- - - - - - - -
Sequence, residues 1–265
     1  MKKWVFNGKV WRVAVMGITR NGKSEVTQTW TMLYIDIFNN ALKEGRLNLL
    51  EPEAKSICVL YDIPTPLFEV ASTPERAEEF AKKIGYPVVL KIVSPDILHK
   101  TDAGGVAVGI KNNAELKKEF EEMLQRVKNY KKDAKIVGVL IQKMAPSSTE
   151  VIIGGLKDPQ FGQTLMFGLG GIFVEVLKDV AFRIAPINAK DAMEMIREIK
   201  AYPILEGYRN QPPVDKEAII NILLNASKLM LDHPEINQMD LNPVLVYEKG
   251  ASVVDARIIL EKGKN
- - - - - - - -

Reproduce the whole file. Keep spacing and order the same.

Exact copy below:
Sequence, residues 1–265
     1  MKKWVFNGKV WRVAVMGITR NGKSEVTQTW TMLYIDIFNN ALKEGRLNLL
    51  EPEAKSICVL YDIPTPLFEV ASTPERAEEF AKKIGYPVVL KIVSPDILHK
   101  TDAGGVAVGI KNNAELKKEF EEMLQRVKNY KKDAKIVGVL IQKMAPSSTE
   151  VIIGGLKDPQ FGQTLMFGLG GIFVEVLKDV AFRIAPINAK DAMEMIREIK
   201  AYPILEGYRN QPPVDKEAII NILLNASKLM LDHPEINQMD LNPVLVYEKG
   251  ASVVDARIIL EKGKN